Investigating officer finds ship’s Ops room filled with “piss bottles” after collision at sea

PASCAGOULA, Miss. (Jan. 19, 2018) The guided-missile destroyer USS Fitzgerald (DDG 62) arrives at the port of Pascagoula, Miss., Friday, Jan. 19, 2018 aboard the heavy lift transport vessel MV Transshelf. Fitzgerald will begin restoration and modernization work at Huntington Ingalls' Industries shipyard in Pascagoula. (U.S. Navy photo by David L. Stoltz/Released)

An internal probe into the 2017 collision involving an American destroyer uncovered a rash of issues with the vessel, crew and command- and matters only seemed to get worse as the investigation went on.

The investigation -headed by Rear Admiral Brian Fort- surrounds the USS Fitzgerald (DDG-52), an Arleigh Burke-class destroyer that collided with the container ship MV ACX Crystal in June of 2017, leaving seven dead American Sailors, multiple injuries, and a black mark on the ship’s history.

In the final report, a troubling pattern of routine violations emerged, ranging from a bridge that lacked leadership during night voyages to a degree of distrust among junior officers that led to lack of communication with the combat information center, the destroyer’s “nerve center.”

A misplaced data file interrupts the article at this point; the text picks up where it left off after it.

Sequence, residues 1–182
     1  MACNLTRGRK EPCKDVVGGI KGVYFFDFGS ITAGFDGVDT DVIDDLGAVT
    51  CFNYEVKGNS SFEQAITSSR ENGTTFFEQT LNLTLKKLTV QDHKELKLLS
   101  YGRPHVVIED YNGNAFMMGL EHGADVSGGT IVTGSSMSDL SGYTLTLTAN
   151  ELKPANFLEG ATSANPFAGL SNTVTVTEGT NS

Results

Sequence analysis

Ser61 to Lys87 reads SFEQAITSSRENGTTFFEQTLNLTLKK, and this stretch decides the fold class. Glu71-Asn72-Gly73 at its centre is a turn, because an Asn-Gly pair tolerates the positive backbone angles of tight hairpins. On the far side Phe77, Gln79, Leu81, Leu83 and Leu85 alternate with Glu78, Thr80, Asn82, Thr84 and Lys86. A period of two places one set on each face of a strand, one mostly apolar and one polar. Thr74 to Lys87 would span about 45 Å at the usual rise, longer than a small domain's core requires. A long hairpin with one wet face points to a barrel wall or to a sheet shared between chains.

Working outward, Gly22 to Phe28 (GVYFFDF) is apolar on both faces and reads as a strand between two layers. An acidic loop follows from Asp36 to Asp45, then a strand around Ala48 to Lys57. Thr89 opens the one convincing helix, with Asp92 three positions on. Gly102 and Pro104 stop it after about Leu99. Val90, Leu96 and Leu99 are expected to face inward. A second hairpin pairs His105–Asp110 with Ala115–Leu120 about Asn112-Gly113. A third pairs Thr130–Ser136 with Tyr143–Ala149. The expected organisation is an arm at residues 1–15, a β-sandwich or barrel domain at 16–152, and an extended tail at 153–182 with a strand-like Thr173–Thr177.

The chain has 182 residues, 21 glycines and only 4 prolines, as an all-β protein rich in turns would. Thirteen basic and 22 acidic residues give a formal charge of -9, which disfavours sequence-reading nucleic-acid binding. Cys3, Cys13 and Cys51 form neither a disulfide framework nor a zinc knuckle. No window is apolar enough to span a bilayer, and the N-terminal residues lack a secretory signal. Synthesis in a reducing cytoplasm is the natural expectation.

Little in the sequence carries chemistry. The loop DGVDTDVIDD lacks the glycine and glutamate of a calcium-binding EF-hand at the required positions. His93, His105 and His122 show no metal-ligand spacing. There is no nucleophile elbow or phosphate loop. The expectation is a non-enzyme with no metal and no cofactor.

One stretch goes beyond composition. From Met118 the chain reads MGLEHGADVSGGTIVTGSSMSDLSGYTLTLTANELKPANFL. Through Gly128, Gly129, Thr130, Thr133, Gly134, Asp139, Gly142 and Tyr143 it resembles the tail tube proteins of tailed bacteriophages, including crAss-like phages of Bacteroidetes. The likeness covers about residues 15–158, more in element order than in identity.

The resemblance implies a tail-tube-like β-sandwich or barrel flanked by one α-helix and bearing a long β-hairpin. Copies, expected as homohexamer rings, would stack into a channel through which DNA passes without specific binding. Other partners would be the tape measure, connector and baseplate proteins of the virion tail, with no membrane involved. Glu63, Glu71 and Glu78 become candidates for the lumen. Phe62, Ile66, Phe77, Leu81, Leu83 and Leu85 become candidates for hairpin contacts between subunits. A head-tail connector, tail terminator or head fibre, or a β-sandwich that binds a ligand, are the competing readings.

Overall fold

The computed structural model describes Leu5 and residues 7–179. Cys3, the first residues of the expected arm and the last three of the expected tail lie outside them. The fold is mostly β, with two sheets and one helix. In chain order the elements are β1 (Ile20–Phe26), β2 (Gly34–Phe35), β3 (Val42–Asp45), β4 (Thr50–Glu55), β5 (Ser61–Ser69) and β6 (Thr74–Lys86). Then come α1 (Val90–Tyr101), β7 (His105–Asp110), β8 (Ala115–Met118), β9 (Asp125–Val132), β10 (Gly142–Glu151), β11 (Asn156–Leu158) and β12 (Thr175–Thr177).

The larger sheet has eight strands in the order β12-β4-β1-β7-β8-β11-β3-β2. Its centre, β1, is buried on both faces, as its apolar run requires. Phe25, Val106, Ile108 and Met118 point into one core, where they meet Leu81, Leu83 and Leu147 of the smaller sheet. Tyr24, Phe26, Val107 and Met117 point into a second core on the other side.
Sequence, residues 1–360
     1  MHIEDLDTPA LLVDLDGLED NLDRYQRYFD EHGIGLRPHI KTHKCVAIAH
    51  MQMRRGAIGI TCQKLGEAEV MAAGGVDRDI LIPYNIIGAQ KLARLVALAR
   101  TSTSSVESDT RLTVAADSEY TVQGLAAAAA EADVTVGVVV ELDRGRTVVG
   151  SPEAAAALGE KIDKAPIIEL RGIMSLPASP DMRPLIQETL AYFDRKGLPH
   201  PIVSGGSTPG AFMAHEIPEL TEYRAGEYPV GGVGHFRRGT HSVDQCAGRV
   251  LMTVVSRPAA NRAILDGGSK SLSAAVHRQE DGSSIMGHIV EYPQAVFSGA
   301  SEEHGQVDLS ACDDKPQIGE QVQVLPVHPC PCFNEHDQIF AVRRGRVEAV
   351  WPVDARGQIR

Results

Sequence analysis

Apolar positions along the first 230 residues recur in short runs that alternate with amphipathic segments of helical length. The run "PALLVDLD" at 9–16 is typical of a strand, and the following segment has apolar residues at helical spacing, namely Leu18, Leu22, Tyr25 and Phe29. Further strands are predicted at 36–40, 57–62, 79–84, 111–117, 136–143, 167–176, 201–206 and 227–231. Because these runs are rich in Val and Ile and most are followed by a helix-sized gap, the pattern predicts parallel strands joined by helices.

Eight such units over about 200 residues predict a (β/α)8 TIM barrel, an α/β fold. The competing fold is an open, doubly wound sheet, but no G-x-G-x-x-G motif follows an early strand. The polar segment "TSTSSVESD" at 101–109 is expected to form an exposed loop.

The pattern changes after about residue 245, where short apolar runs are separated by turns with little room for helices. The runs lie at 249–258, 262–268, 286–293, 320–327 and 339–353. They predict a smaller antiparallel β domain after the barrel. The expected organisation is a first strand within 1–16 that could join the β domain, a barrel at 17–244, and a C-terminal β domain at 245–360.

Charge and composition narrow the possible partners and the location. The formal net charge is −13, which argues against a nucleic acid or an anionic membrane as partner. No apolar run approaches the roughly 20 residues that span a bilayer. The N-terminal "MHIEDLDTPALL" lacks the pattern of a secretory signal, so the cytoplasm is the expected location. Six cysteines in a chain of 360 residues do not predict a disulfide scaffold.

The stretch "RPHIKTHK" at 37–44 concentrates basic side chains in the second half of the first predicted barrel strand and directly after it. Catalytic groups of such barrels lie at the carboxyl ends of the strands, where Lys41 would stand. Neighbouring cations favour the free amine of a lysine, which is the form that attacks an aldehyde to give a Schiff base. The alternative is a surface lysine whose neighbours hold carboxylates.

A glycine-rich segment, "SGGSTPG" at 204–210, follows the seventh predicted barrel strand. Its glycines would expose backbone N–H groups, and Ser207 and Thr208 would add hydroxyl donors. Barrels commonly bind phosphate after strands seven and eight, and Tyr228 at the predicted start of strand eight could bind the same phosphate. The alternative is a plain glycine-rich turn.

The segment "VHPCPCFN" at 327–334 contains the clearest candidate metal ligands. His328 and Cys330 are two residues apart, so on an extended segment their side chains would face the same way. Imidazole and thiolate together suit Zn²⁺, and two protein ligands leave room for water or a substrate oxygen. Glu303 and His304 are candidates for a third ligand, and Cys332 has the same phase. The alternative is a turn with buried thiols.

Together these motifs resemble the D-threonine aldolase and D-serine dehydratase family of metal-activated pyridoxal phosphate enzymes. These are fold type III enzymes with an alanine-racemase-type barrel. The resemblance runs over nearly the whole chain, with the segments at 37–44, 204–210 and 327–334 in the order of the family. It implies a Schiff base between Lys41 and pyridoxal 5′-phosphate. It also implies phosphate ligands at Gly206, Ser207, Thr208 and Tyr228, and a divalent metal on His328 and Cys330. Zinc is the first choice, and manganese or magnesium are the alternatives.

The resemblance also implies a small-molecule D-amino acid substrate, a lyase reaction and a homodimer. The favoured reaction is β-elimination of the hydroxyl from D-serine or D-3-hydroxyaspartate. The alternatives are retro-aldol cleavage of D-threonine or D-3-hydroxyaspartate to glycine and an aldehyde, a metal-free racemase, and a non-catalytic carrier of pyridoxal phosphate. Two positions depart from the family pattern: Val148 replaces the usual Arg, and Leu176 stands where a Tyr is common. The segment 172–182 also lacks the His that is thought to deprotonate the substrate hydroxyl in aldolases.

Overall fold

According to the Navy Times, Fort’s investigation of the CIC revealed urine-filled bottles, exercise equipment, malfunctioning equipment and crew members that didn’t know how to use the electronics they were supposed to be manning.

Furthermore, the ship lacked a quartermaster chief petty officer, a vital leadership position that aids in navigation and Sailor training.

All in all, Fort deduced that the ship suffered from low morale, poor conditions, and a tempo of operations that left Sailors too tired and exhausted to do meaningful work or training. To make matters worse, officers aboard the ship appeared to be indifferent to the suffering of their subordinates.

“FTZ’s command leadership was unaware of just how far below standards their command had drifted,” Fort wrote in the report. “Had the (commanding officer) and (executive officer) critiqued the near-collision, they may have identified the root causes uncovered by this investigation.”

While the investigation was completed not long after the collision, the report was held back from public release until the Pentagon could properly explain what happened to the families of Sailors Xavier Martin, Dakota Rigsby, Shingo Douglass, Tan Huynh, Noe Hernandez, Carlos Sibayan and Gary Rehm, who were killed during the collision.

Lieutenant Junior Grade Sarah Coppock, who failed to communicate with the CIC prior to the incident, pleaded guilty to a dereliction of duty charge during a 2018 court-martial.

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